Protesters are taking a stand against a series of austerity reforms hastily pushed by Brazilian President Temer, who enjoys a substantial legislative majority and support from businesses, despite sinking popularity.
Millions of workers are striking in Brazil against reforms set to weaken labour and pension laws pushed by the conservative government of Michel Temer, who replaced Dilma Rousseff as Brazil’s president a year ago after a controversial impeachment process.
Public transportation has been partially shut down in most state capitals, including the country’s largest, São Paulo. Bankers, oil industry workers, teachers and civil servants are among the main labourers that stopped working for 24 hours, starting midnight, Friday, April 28. They are led by social movement activists and trade union organisers, who are also staging public demonstrations.
Unlike the protests that have repeatedly occurred in Brazil over the past three years, these demonstrations are also taking place in smaller towns and the big cities’ poorer suburbs. Protesters have blocked some of the country’s major interstate roads, bridges, airports and bus terminals since the early hours of the morning. Many people have reported that the day feels like a Sunday or a holiday.
The last time Brazil witnessed a general strike of comparable proportions was in 1996 when Brazil was governed by another pro-austerity president. On Twitter, the hashtags #GreveGeral #BrasilEmGreve trended all day on Friday.
Last week, Brazil’s Chamber of Deputies approved labour reforms that would increase the workweek from 44 to 48 hours, water-down penalties for companies that fire employees, and make it more difficult for workers to sue their former employers.
The bill is part of a series of reforms hastily pushed by Temer, who enjoys a substantial legislative majority, as well as support from Brazil’s business sector, despite his own sinking political popularity. A poll by Ipsos released last week puts his approval rating at a measly 4%. Other bills passed into law in the past year include a freeze on increases in public spending and legislation that lifts restrictions on outsourcing. In the coming weeks, the Congress is also expected to vote on major pension reforms.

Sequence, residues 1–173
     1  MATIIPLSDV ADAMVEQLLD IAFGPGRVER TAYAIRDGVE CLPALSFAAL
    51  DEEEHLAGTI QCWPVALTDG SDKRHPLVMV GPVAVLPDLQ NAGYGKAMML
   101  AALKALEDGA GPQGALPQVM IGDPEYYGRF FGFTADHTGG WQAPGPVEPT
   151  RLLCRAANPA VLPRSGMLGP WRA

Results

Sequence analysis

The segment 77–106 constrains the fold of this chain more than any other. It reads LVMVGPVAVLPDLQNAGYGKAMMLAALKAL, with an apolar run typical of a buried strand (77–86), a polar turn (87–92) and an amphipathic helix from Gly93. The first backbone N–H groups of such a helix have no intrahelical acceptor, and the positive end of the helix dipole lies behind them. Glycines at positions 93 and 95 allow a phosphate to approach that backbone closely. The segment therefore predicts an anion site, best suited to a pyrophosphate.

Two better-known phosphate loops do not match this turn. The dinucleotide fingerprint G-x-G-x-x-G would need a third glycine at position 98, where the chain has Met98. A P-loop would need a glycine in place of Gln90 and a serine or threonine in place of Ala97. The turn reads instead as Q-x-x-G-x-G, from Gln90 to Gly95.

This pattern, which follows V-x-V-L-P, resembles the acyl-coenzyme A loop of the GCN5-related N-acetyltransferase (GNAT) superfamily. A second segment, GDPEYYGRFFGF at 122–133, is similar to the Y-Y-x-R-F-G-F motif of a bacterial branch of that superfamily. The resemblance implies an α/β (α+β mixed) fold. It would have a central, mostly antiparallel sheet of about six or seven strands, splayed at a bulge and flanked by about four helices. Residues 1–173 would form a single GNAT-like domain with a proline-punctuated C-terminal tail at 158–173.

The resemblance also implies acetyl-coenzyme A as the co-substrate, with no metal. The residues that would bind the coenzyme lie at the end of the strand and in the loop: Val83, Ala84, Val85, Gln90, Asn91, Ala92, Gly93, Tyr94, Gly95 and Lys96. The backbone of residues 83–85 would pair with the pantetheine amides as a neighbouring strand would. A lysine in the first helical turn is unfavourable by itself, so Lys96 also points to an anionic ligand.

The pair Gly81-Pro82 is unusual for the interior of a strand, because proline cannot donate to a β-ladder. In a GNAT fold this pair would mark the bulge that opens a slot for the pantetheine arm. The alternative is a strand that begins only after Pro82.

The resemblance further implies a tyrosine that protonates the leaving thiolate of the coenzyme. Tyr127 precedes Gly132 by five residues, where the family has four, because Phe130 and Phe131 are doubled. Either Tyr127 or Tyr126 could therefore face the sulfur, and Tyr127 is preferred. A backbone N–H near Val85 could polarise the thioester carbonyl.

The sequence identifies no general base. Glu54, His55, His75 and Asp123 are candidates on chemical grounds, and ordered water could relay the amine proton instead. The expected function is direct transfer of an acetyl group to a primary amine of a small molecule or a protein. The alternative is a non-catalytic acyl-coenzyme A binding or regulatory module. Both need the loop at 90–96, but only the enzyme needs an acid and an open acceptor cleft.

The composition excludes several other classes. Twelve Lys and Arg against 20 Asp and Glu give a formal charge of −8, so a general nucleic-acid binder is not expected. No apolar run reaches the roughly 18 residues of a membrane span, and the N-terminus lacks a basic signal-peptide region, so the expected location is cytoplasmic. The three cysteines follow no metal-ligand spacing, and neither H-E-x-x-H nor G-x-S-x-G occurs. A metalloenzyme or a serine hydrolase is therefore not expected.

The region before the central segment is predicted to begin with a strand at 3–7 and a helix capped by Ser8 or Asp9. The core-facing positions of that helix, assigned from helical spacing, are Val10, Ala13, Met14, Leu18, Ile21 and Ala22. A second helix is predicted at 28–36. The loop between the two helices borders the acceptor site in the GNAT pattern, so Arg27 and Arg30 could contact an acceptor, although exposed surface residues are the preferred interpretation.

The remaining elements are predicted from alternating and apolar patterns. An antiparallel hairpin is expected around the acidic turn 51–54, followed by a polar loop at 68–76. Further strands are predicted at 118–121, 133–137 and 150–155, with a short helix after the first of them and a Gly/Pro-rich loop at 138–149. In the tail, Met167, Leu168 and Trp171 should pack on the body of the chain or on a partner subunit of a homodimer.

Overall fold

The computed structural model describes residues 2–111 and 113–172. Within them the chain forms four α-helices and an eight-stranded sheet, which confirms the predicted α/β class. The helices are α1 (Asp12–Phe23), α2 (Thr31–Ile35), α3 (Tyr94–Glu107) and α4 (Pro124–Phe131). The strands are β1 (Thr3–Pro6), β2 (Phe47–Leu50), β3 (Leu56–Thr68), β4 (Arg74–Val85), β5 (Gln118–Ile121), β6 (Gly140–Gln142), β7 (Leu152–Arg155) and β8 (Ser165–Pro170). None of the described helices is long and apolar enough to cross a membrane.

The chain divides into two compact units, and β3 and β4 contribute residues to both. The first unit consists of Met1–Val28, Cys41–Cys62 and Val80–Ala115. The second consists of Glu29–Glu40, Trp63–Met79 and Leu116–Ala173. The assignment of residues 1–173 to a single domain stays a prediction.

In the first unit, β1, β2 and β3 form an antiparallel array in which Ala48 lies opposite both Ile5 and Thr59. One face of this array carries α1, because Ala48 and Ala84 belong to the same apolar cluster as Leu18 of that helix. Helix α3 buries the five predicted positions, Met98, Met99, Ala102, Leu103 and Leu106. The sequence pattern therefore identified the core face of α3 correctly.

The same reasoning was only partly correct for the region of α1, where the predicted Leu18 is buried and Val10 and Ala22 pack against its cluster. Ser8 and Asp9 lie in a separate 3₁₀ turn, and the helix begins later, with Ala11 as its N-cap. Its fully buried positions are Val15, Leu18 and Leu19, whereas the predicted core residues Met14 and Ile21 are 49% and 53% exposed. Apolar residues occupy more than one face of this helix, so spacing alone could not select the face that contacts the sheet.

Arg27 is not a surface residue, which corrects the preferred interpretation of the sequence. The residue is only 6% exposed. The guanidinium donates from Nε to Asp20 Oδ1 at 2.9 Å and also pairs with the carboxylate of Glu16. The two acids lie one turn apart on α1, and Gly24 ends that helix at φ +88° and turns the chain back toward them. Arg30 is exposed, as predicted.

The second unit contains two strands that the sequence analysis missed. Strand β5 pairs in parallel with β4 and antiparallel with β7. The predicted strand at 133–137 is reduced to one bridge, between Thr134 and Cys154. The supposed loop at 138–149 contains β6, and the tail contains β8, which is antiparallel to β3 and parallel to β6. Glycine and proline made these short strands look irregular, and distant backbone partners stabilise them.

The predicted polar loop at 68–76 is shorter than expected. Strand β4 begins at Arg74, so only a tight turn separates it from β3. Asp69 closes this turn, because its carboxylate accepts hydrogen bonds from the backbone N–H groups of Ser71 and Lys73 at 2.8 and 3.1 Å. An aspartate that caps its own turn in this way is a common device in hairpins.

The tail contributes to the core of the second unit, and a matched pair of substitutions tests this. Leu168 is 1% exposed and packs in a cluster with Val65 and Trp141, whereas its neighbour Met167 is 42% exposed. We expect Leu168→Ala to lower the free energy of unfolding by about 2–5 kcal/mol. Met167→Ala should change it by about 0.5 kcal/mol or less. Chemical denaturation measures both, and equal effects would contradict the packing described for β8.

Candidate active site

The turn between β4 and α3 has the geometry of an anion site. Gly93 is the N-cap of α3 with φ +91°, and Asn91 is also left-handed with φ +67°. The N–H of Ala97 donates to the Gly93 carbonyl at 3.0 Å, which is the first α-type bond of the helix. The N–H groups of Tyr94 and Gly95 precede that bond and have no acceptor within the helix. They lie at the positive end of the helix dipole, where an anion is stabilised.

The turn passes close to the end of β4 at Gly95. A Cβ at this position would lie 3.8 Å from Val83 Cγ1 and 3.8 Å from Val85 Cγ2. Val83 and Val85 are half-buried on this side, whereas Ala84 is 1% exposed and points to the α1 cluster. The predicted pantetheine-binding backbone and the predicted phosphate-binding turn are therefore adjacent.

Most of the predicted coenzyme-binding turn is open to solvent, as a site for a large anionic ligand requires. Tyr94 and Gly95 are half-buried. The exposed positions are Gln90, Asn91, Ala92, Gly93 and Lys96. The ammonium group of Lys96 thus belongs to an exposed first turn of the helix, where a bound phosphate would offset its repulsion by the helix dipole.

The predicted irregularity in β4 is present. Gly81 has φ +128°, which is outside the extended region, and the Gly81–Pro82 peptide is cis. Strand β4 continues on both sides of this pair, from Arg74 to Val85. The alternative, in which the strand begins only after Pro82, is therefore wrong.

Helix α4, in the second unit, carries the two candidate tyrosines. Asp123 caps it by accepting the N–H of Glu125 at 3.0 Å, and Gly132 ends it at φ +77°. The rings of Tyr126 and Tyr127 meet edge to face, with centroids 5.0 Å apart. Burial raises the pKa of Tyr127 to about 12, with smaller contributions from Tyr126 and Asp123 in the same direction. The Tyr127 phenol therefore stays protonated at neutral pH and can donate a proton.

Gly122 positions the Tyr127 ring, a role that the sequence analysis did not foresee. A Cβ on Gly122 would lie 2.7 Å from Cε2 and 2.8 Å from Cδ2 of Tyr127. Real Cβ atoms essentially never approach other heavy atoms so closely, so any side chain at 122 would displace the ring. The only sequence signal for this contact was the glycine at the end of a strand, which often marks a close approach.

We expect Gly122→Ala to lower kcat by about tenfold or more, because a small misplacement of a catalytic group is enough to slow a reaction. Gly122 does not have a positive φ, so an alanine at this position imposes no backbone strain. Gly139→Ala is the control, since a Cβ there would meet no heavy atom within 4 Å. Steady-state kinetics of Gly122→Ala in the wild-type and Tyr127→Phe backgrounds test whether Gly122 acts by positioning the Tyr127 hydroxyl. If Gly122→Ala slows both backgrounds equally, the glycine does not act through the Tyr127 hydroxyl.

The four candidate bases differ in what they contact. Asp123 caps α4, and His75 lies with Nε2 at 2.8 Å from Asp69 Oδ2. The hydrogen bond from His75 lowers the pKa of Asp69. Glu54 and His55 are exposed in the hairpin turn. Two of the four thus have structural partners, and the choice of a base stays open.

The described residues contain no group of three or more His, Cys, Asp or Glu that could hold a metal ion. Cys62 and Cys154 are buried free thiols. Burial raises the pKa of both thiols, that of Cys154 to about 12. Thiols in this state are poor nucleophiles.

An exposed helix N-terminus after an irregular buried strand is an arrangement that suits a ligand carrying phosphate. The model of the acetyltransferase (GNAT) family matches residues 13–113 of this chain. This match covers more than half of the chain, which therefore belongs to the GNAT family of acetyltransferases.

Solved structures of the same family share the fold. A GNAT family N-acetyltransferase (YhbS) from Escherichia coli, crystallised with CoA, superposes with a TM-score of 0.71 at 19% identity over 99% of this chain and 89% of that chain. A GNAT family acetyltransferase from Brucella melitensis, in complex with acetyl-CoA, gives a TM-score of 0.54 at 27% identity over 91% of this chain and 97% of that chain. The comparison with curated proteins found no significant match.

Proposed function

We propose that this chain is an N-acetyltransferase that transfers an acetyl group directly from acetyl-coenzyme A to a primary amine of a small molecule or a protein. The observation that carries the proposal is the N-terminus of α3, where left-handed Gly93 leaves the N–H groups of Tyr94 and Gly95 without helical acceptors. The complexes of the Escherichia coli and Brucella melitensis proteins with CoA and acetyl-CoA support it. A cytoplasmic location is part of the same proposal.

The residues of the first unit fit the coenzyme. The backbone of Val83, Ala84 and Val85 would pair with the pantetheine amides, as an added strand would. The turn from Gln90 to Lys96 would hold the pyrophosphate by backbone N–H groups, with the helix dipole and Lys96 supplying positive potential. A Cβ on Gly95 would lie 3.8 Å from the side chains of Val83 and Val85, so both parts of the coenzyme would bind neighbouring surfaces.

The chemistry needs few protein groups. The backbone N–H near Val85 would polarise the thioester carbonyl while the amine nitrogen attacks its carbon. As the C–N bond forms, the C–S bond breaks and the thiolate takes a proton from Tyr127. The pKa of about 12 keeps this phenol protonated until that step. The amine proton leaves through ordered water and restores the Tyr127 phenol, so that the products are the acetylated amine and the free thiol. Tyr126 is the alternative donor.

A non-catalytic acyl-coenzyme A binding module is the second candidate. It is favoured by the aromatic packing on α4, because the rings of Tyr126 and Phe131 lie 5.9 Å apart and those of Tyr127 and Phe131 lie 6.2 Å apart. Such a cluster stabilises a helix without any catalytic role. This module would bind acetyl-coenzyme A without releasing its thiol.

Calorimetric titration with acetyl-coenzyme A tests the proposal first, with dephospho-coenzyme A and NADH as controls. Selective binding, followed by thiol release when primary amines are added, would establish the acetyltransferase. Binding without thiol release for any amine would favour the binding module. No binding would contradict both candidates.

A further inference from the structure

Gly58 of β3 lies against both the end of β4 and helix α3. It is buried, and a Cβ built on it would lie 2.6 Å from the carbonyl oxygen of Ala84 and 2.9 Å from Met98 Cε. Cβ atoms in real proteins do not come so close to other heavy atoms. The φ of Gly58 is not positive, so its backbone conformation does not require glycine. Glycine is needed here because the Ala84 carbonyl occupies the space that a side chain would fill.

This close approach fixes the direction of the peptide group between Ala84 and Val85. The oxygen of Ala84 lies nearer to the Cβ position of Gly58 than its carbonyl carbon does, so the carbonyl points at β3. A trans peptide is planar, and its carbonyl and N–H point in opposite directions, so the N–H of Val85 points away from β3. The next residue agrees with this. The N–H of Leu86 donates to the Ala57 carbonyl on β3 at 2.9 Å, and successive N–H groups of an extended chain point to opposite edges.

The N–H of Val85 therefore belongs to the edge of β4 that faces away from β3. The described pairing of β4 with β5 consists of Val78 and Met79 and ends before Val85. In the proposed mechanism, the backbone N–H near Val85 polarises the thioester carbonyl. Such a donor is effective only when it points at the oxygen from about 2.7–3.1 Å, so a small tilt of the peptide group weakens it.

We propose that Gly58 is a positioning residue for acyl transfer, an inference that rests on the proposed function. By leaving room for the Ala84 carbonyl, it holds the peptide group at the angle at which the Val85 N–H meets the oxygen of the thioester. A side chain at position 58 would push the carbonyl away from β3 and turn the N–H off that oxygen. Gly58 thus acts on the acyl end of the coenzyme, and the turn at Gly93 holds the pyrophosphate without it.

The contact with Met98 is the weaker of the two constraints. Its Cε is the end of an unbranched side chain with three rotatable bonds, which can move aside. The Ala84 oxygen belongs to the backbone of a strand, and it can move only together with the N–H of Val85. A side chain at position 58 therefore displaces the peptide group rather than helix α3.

The government says the reforms are necessary to counter Brazil’s massive public deficit and were first announced in late 2015 by the centrist political party PMDB in a document titled “Bridge to the Future.” The plan was released shortly before the party ended its 12-year-old alliance with the Worker’s Party – a crucial break that allowed Congress to impeach Dilma Rousseff easily in April 2016. Rousseff was elected with 54% of the votes in October 2014 with a very different platform, raising questions about the legitimacy of the government’s new reforms.
An ever-unfolding corruption scandal, with new pleas in the past weeks implicating major party leaders and Temer himself, has also increased public discontent and puts the country in a state of uncertainty until the 2018 general elections. Temer himself will likely be prohibited from running in the elections, as he was convicted of violating electoral laws in 2014, leading critics to point out that he is now virtually unaccountable to future voters, as he pushes largely unpopular state policies.
Many are not in favour of the general strike today. Conservative groups like Movimento Brasil Livre and Vem pra Rua, which were at the forefront of the pro-impeachment protests in 2015 and 2016 and support the austerity reforms, say the protests are merely a political platform for the Worker’s Party. Both have started campaigns on social media calling on people to cross picket lines and go to work, while the Free Brazil Movement, which generally favors more aggressive rhetoric, has branded protestors “terrorists.”
In Rio de Janeiro, police dispersed a large crowd of protesters in the early evening.
Smaller demonstrations in support of Brazil’s protesters also took place in some European capitals, including Berlin.
This article originally appeared on Global Voices. Read the original here.